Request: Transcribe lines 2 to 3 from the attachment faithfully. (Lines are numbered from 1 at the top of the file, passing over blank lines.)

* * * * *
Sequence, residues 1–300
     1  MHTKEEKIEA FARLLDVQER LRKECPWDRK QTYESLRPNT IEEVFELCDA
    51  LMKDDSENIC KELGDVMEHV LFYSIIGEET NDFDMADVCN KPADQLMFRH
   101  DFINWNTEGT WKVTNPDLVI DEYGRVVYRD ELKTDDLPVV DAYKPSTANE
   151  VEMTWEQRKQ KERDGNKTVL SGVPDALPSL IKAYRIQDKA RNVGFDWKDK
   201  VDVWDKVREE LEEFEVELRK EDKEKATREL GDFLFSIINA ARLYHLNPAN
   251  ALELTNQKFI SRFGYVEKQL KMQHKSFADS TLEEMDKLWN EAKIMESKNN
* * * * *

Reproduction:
     1  MHTKEEKIEA FARLLDVQER LRKECPWDRK QTYESLRPNT IEEVFELCDA
    51  LMKDDSENIC KELGDVMEHV LFYSIIGEET NDFDMADVCN KPADQLMFRH